Review of Dark Mirror
by Barton Gellman
Edward Snowden and the American Surveillance StateI recommend this book to anyone interested in Edward Snowden and the information he leaked.
I've also read No Place to Hide
by Glenn Greenwald, seen Citizenfour
^1^ by Laura Poitras, and I've read Snowden's own Permanent Record
. I also recommend all of these.
Gellman, Greenwald, and Poitras were apparently the only three people who received the full collection of documents leaked by Snowden.Gellman is a bit different than the other two in a few ways.
Gellman was not an activist. He was a fairly mainstream reporter for newspapers like the Washington Post
. Greenwald was a constitutional lawyer before he started writing. Poitras was a documentary film maker who so challenged the US government that they basically forced her to live abroad, for a time. In other words, the other two were activists, and Gellman was a reporter.
Gellman was not there in Hong Kong. Another reporter, Ewen MacAskill, was there, but not Gellman. Gellman did eventually meet Snowden and interview him after he got stuck in Russia.
Greenwald now lives in Brazil, and Poitras, although back in the US now, lived for a time in Germany. Snowden, of course, is essentially trapped in Russia. Gellman, on the other hand, has never felt the need to live outside the US.
Gellman is a defender of the American press (some of it, at least), whereas Greenwald is a fierce critic. Gellman seems much less like an outsider than Greenwald, Poitras, and Snowden, himself.The title Dark Mirror refers to one-way mirrors:
mirrors that, from one side are a window, and from the other side a mirror. This is a metaphor for the situation of the US government and its citizens. We are totally open to view by them, but we can't see what they are doing or how they are doing it.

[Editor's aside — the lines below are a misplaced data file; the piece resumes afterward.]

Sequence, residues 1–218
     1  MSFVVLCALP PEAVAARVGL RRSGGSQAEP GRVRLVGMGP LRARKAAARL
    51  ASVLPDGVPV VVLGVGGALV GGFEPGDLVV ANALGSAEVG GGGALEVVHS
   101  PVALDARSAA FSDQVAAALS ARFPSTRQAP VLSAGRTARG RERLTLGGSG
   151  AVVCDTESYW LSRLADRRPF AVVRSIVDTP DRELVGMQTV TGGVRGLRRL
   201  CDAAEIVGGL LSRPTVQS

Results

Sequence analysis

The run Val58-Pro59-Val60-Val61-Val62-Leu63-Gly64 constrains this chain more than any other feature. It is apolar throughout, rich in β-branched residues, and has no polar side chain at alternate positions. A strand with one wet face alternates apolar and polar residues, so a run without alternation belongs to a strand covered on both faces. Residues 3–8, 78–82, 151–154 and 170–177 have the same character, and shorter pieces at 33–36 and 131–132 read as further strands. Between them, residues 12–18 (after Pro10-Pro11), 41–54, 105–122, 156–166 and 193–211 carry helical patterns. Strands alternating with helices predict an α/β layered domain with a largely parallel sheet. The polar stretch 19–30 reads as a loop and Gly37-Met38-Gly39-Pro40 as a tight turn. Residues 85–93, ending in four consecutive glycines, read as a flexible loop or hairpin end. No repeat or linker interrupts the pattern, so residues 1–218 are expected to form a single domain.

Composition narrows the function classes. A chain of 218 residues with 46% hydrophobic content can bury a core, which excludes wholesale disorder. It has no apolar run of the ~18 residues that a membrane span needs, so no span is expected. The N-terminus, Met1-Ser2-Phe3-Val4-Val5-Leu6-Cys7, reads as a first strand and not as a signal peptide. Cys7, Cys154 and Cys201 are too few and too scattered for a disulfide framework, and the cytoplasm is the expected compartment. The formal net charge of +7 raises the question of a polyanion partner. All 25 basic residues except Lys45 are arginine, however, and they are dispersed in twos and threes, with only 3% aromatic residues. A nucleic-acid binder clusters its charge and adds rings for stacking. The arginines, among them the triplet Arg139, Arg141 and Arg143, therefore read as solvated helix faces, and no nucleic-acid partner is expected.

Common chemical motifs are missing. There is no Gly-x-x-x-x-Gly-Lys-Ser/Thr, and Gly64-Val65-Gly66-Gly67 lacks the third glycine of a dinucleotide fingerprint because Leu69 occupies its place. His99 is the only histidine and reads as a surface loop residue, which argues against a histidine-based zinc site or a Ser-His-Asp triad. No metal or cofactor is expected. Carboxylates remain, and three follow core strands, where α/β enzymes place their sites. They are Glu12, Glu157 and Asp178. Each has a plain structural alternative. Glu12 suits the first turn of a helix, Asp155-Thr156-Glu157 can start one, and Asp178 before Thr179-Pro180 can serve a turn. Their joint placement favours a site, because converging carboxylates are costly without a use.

This, as Gellman points out, creates a power imbalance.
If I can see what you are doing all the time, I have power over you, even if I don't always exercise it. If you can't see me, that makes me safe from you, even if you don't always threaten me. Even though it's often implicit, this power imbalance is real and effective. Remember: all exercise of power is usually just maintained with the threat of force, and rarely with actual force.
Snowden has a phrase to describe this (mentioned by Gellman): turnkey tyranny
. Even if those in charge now are benevolent, that doesn't mean that they won't be malevolent tomorrow. Great power enables tyranny and creates a strong temptation to exercise it.Dark Mirror fills in some details Snowden, Greenwald, and Poitras don't.
I think it was worth reading for that reason, alone. Also, Gellman's greater detachment from the cause (preventing a total surveillance society, and promoting government transparency) also gives some value to his work. He questions what the others don't. Even though, ultimately, Gellman lands on our side in this struggle, that questioning is worthwhile.
So, definitely, I recommend Gellman's book, but I also recommend Citizenfour
, No Place to Hide
, and Permanent Record
. I would also like to see more people read James Bamford's books about the NSA (The Puzzle Palace
, The Shadow Factory
, etc.) and Shoshana Zuboff's work on the history of spying by Google, Facebook, Amazon, etc. You may agree with Cory Doctorow that Zuboff believes too uncritically in the power of "targeted advertising," but no one has done a better job of investigating just how Google and the rest are investigating us.
won the Academy Award for Best Documentary in 2014.